Restaurant industry opposes 'special increase' in dairy prices



    TORONTO, July 3 /CNW/ - Canadian dairy prices are already among the
highest in the world, but they could rise for the second time in just six
months - a move that would make it more difficult for Canadian consumers and
restaurants to "get milk."
    On Feb. 1, the Canadian Dairy Commission (CDC) increased the price of
industrial milk, which is used to make products such as cheese, yogurt and ice
cream, to $72.40/hectolitre for 2008. This level is well above world prices
and, because of Canada's supply management system, includes a significant
cushion for dairy producers to absorb rising costs.
    Dairy Farmers of Canada (DFC) is now calling for an unscheduled price
increase of nearly 5% to take effect Aug. 1, citing rising feed, fuel and
fertilizer costs.
    Under the rules of supply management, the industrial milk price should
reflect the cost of milk production to ensure a fair return to efficient
producers. Over the last 13 years, however, prices have skyrocketed 54.5%,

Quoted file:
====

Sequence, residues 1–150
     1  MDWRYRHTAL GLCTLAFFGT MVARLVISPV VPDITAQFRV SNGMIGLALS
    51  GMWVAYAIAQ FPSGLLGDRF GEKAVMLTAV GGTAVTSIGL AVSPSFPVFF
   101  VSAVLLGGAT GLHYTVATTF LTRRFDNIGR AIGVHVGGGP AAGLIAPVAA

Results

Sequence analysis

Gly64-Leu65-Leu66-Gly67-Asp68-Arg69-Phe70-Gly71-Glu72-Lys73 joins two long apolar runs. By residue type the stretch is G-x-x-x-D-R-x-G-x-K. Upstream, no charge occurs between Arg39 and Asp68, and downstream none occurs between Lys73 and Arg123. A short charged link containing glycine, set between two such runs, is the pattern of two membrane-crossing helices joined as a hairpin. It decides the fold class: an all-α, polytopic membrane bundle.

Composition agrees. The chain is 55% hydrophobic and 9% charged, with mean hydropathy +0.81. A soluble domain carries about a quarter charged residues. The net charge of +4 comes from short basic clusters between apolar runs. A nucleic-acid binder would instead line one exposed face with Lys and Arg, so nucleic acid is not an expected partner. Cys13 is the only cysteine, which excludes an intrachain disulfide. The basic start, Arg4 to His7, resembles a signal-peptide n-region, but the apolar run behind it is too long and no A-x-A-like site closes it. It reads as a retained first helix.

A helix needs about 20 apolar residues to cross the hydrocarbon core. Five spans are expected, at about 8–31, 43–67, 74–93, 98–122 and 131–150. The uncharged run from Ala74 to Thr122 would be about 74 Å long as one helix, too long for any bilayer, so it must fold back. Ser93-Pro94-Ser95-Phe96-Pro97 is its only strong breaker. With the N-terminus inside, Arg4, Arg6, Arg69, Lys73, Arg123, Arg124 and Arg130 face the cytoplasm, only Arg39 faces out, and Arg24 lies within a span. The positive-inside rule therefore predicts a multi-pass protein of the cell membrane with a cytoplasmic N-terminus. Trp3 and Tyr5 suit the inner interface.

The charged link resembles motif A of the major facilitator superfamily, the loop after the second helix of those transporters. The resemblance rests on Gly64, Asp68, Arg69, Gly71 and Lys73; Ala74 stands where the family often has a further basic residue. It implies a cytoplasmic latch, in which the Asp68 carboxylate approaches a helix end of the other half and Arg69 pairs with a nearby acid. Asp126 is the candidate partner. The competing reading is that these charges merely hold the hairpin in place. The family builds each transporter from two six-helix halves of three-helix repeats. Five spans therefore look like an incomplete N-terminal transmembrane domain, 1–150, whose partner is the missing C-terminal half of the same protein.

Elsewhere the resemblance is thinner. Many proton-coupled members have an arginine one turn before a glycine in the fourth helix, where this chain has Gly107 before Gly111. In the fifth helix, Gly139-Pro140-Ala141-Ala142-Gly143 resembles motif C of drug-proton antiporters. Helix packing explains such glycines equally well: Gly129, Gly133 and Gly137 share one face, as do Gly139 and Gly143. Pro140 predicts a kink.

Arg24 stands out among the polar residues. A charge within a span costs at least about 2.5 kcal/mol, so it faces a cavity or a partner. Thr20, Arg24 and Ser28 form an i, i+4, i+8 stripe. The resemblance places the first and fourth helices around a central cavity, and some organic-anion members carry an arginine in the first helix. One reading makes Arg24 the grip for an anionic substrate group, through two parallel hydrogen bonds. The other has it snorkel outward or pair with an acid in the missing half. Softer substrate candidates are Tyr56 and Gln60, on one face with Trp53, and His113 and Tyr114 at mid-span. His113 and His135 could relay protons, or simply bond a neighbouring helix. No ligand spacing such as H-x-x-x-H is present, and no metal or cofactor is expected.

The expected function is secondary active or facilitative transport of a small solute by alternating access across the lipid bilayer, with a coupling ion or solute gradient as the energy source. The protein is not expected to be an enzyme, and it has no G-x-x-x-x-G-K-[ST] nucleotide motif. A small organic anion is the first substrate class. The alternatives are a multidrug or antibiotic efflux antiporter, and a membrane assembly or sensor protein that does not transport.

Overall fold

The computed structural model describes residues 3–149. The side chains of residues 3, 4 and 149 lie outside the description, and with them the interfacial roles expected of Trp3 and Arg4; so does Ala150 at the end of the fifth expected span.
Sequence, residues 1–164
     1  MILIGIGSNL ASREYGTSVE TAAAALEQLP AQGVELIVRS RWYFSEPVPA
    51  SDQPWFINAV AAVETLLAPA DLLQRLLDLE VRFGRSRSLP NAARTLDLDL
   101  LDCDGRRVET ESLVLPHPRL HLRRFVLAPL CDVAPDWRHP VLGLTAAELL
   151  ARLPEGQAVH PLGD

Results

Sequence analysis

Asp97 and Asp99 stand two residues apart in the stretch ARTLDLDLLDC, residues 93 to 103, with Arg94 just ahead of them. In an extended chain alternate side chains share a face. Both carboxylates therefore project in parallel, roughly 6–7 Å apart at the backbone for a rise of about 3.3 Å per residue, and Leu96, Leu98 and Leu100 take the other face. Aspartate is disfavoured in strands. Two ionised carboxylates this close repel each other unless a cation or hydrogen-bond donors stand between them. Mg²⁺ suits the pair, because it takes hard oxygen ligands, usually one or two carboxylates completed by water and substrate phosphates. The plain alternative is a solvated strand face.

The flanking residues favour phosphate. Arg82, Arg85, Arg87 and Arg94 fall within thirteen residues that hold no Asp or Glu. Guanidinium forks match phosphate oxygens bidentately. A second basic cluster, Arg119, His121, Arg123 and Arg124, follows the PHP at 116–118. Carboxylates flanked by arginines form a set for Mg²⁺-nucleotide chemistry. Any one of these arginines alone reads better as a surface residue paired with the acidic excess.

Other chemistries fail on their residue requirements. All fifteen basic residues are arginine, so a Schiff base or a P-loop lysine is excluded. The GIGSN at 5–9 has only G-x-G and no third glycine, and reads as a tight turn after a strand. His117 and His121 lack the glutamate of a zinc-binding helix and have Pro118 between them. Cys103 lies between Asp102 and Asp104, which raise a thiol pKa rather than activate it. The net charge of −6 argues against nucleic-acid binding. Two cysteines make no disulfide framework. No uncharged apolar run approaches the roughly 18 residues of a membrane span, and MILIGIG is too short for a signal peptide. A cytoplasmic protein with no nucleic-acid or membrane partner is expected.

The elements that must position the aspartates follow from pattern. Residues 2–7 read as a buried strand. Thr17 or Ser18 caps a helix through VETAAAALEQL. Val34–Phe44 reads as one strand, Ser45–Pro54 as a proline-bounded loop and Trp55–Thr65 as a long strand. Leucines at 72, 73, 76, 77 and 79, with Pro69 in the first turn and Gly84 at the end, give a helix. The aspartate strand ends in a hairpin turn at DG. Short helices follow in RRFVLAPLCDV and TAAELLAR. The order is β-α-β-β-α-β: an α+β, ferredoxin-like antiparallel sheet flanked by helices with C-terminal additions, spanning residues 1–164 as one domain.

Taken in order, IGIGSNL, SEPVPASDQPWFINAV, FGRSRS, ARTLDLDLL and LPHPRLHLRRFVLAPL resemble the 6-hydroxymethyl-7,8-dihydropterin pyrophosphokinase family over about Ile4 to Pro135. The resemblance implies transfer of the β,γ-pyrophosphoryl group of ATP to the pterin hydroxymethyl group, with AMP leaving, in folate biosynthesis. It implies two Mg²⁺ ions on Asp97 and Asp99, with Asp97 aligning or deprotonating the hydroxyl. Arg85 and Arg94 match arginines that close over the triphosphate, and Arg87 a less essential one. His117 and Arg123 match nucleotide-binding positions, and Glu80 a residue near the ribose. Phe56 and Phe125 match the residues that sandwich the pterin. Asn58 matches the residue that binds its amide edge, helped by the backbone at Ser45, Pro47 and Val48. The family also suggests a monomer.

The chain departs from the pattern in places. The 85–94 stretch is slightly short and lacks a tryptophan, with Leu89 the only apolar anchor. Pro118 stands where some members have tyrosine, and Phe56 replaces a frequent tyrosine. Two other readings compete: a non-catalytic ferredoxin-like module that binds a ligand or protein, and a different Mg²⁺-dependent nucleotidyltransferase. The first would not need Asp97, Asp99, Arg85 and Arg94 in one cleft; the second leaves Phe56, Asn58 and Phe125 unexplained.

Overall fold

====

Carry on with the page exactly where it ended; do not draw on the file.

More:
while the cost of producing milk has grown by only 1.5%. Over the same period,
Canadian per capita consumption of dairy products has dropped 8.4%.
    "The dairy industry is pricing itself out of the grocery cart and off the
restaurant menu," says Ron Reaman of the Canadian Restaurant and Foodservices
Association (CRFA), whose members collectively represent one of the dairy
industry's biggest customers. "This spiral of rising prices and falling demand
is a recipe for failure."
    "We want to work with the dairy industry to grow the market for their
products, but first they must close the gap between inflated dairy prices and
the cost of milk production," says Reaman.

    
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    CHANGE IN INDUSTRIAL MILK PRICE AND COST OF MILK PRODUCTION
    -----------------------------------------------------------
    (1994 - 2007)
    -------------

    INDUSTRIAL MILK PRICE    +54.5%
    CONSUMER PRICE INDEX     +30.2%
    COST OF PRODUCTION        +1.5%

    COST-PRICE GAP:             53%

    Sources: Canadian Dairy Commission and CRFA

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For further information:

For further information: Ron Reaman, CRFA Vice President, Federal, (416)
649-4242; Jill Holroyd, CRFA Vice President, Research and Communications,
(416) 649-4217


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